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Blow for Sony in GT RACING case

Jude Antony


United Kingdom

The following is an article re-published from WTR Daily by Jude Antony and Sophia Steiger on the EU General Court's decision in Sony Interactive Entertainment Europe V EUIPO, concerning an opposition and the assessment of similarity.

  • Sony opposed the registration of GT RACING in Class 18 based on its GT and GRAN TURISMO marks
  • The court held that the EUIPO had not erred in finding that the signs were visually dissimilar
  • The EUIPO had not erred in limiting the examination to the basis of perception of an uneducated consumer

In Sony Interactive Entertainment Europe v European Union Intellectual Property Office (EUIPO) (Case T-463/20), the General Court has dismissed an appeal from Sony against the decision of the Fourth Board of Appeal of the EUIPO upholding the Opposition Division's refusal of its opposition against an application to register the trademark GT RACING.
In August 2017 Mr Wai Leong Wong filed an application to register GT RACING as an EU trademark (EUTM) in Class 18. Sony Interactive Entertainment Europe opposed based on:
  • six EUTMs:
(GT Stylised')


  • eight non-registered trademarks (all being variations on GT or GRAN TURISMO) used in the course of trade in the European Union or the United Kingdom.
Sony uses these marks for its popular Gran Turismo video game. The grounds of opposition were those set out in Articles 8(1)(b), 8(4) and 8(5) of Regulation 207/2009 (now Regulation 2017/1001). The Opposition Division rejected the entirety of the opposition, Sony appealed, and this was in turn dismissed by the Board of Appeal.
General Court decision
Sony asked the court to overturn the decision based on seven pleas in law alleging that the Board of Appeal had erred in law. The court rejected each plea:
  • Plea 1: the board erred in the identification of the relevant public, which should be narrowed to consumers of the goods covered by the earlier marks. The court found that the goods are easily accessible, sold on the "general public market" and should be treated as everyday consumer goods. The board had correctly found that the relevant public was the general public in the European Union.
  • Pleas 2 and 4: the board erred in the comparison of signs at issue, and in particular the GT stylised mark. The court held that the board had not erred in finding that the signs were visually dissimilar or in limiting the examination to the basis of perception of an uneducated consumer. Sony had argued that the educated consumer, who recognised the GT stylised mark as indicating the letters ‘GT’, should be taken into account.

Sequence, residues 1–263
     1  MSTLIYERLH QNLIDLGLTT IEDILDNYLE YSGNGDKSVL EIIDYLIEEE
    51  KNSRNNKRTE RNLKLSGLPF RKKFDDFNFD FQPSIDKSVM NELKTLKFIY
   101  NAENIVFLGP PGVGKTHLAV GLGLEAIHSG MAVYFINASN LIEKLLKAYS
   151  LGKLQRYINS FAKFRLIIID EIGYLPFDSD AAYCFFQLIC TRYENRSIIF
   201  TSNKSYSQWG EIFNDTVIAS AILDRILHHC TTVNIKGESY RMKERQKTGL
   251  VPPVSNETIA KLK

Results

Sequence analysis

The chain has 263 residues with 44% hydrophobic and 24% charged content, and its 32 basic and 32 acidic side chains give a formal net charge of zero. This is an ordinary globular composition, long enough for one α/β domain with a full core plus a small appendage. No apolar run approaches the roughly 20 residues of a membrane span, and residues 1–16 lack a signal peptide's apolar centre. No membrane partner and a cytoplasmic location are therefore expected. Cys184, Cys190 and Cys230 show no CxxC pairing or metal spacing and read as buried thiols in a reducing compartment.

• Plea 3: the board erred in the comparison of the goods. The court held that the similarity of the marks at issue had not been satisfied so there was no need to compare the goods. In any case, the goods were not used for the same purpose and had different manufacturers, marketing channels and vendors.
  • Plea 5: the board erred in failing to take into consideration the other grounds of opposition set out in Articles 8(1)(b) and 8(5). The court rejected this argument as similarity between the marks and the goods had not been established, so it was not necessary to examine further conditions.
  • Plea 6: the board erred in the application of the rules relating to the action of passing off. The court held that there could not be a misrepresentation as there was no evidence establishing goodwill on Sony's part and no similarly between the marks. Plea 7: the board erred in failing to take into consideration the other criteria of law relating to an action of passing off. The court reiterated that the conditions for an action of passing off are cumulative, and so failure to meet one condition meant no further examination was required.
This judgment emphasises the importance of establishing similarity between the contested mark and earlier marks in an opposition. This criterion of similarity must be examined first and, if it is not satisfied, the remaining conditions of opposition do not need to be considered. Any evidence of use, reputation or enhanced distinctiveness, although relevant in assessing the likelihood of confusion, should not be taken into account in the assessment of the similarity of the signs at issue.
This article first appeared in WTR Daily, part of World Trademark Review in September 2021. For further information, please go to

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